(BaseballStL) — Adam Wainwright had never lost a postseason game until last year’s NLCS. He comes into Thursday’s possible elimination having lost four of his last five October starts.
“I just don't want to get a bad rap for not being a good playoff pitcher. That's the time I want to shine the most,” the 33-year-old said. “That's the time that every pitcher wants to shine the most. I know I'm capable of doing that.”
Wainwright won 20 games this season for the second time in his career. He led the league in shutouts (3) for the second year in a row, and also allowed the fewest home runs per nine innings, 0.4 (10 homers over 227 innings). He brought new pitches into the season with him, evolving his attack in the ninth year of his career.
“He's just one of the very few that is so talented, but so motivated, too, to constantly find that next gear, that next level,” Mike Matheny said. “I use the example a lot this year; he shows up into spring training after being in consideration for the Cy Young, he shows up with a couple new pitches and not content with what he's done in the past, and thinking, ‘I’ve got to do more.’”
With all he accomplished in 2014, including a perfect 5-0 September garnished with two complete games and a shutout, it seems tragic he would be worried about a negative reputation. But this October has been unkind to the three-time All-Star.
Wainwright opened the 2014 playoffs with an uncharacteristically rocky start in Los Angeles, and battling elbow pain, began the NLCS with a similarly brief outing. He has been unable to close out five innings in a game this postseason, allowing a combined 17 hits and eight earned runs while walking four.
But the Cardinal ace has been relentlessly positive, saying his sore elbow is improving along with his mechanics after each start.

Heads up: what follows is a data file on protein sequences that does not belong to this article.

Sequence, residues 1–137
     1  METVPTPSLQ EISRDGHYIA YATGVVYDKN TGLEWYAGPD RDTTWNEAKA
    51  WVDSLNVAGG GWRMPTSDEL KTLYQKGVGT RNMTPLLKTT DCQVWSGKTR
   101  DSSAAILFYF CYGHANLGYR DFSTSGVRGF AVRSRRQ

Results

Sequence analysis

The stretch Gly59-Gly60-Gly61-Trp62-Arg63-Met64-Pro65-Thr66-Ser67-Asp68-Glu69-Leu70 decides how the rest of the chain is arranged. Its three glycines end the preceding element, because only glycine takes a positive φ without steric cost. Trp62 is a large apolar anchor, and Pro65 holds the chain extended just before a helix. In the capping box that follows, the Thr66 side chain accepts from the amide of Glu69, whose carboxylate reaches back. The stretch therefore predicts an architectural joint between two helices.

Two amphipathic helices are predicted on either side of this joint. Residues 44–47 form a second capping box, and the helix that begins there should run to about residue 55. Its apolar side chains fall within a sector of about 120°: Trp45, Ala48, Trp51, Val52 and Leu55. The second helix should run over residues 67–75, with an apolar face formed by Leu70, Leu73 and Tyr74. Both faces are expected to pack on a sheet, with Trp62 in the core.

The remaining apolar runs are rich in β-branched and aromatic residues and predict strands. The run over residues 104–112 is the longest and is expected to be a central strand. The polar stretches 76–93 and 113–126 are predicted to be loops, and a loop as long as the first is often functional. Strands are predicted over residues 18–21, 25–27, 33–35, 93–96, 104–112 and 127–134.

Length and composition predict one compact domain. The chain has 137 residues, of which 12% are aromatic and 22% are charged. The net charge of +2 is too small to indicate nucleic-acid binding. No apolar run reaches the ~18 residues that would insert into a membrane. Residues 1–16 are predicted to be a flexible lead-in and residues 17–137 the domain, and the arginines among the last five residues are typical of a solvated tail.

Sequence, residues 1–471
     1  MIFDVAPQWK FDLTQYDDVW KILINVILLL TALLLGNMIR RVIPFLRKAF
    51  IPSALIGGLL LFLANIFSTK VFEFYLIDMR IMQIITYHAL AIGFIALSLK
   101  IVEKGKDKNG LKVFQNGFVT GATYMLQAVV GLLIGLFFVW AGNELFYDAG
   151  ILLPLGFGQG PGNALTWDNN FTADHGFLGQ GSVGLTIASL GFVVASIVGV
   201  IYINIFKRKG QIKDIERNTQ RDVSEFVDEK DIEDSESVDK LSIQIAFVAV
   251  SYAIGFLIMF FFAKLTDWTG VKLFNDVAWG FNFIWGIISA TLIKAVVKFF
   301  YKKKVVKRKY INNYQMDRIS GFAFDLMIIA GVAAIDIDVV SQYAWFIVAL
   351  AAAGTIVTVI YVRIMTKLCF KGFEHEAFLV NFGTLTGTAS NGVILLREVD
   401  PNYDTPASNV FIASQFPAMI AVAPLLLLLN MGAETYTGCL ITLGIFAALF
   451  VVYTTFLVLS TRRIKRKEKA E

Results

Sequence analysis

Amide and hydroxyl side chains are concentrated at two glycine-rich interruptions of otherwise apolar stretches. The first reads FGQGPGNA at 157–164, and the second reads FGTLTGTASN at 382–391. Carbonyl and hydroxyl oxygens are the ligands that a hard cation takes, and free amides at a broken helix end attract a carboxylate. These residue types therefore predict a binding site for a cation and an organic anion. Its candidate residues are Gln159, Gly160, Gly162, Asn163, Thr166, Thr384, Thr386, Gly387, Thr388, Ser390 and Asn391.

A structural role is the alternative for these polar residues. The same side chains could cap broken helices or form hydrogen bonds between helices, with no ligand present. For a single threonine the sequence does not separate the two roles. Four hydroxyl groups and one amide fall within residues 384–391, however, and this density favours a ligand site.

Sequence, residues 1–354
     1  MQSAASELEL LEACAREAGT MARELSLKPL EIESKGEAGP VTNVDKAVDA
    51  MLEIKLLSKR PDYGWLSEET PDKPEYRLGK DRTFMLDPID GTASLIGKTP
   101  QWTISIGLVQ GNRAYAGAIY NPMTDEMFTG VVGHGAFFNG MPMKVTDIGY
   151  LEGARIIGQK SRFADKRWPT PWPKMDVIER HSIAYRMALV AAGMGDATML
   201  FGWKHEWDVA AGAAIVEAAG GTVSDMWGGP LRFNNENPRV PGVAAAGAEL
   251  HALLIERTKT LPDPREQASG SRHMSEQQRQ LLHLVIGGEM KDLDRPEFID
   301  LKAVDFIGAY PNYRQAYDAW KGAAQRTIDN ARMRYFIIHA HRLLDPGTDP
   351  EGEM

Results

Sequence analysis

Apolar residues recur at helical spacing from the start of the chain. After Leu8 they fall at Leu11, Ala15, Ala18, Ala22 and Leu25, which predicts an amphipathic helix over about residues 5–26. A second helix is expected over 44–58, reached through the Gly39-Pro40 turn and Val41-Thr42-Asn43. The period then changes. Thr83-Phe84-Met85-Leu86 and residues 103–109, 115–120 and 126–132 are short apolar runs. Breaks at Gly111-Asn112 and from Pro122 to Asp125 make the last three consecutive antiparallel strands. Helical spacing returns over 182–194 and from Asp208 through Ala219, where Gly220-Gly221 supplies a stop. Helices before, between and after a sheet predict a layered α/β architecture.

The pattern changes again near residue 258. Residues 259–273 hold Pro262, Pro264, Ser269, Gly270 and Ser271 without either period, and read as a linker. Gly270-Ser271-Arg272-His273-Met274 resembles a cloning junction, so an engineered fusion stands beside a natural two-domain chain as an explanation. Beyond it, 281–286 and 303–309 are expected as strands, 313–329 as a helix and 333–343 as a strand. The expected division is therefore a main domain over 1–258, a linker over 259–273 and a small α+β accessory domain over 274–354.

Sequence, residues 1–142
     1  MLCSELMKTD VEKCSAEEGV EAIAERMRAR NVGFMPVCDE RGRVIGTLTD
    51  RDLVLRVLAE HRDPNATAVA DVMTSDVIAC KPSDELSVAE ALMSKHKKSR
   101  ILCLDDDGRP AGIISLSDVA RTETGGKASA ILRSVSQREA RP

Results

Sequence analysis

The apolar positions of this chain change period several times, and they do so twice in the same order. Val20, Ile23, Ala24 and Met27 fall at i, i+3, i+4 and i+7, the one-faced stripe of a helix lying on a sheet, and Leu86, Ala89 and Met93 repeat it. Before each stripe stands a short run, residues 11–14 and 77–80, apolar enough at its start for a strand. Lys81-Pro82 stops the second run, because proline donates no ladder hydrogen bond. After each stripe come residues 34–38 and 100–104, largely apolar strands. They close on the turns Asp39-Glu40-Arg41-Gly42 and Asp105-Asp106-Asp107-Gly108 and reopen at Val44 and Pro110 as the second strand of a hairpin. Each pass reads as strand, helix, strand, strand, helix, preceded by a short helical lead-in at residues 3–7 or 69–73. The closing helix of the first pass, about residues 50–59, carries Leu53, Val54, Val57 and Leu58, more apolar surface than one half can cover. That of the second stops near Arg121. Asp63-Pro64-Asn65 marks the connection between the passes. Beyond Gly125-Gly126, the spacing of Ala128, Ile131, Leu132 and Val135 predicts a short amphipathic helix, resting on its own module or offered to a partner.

“When your arm doesn't feel the best, you need everything else to be locked in and your delivery to be sharp. My delivery was not sharp. My arm didn't feel great the last few times out,” he said. “Now my arm feels better and my delivery should be much sharper going forward, so it should be a much more polished pitcher you see on the mound.”
Wainwright will need to be buffed to perfection, since the pitcher he’s sharing the hill with has been nearly flawless through three starts in October. Madison Bumgarner can smell the World Series, and his Game 1 performance sets an unpleasant precedent for the Cardinal offense.
But St. Louis never seems to fade meekly away.
The Cardinals clawed their way to this point not by winning 15 straight games, but by never losing more than four in a row. They were never swept in a three-game series all season. It was always 1.5 steps forward and one step back.
Wainwright fought through a gruesome August to emerge more dominant than he had been all season. Through questions of fatigue, age, overuse and diminishing returns, the veteran starter kept throwing, winning games and steering his team into to October.
So it’s fitting the team that sagged several times finds itself at the breaking point, led by their patron saint of perseverance. If the ailing Wainwright can face down Bumgarner and the crafty, opportunistic Giants offense, he will send the Cardinals back to St. Louis for at least one more game. That’s the stuff reputations are made of.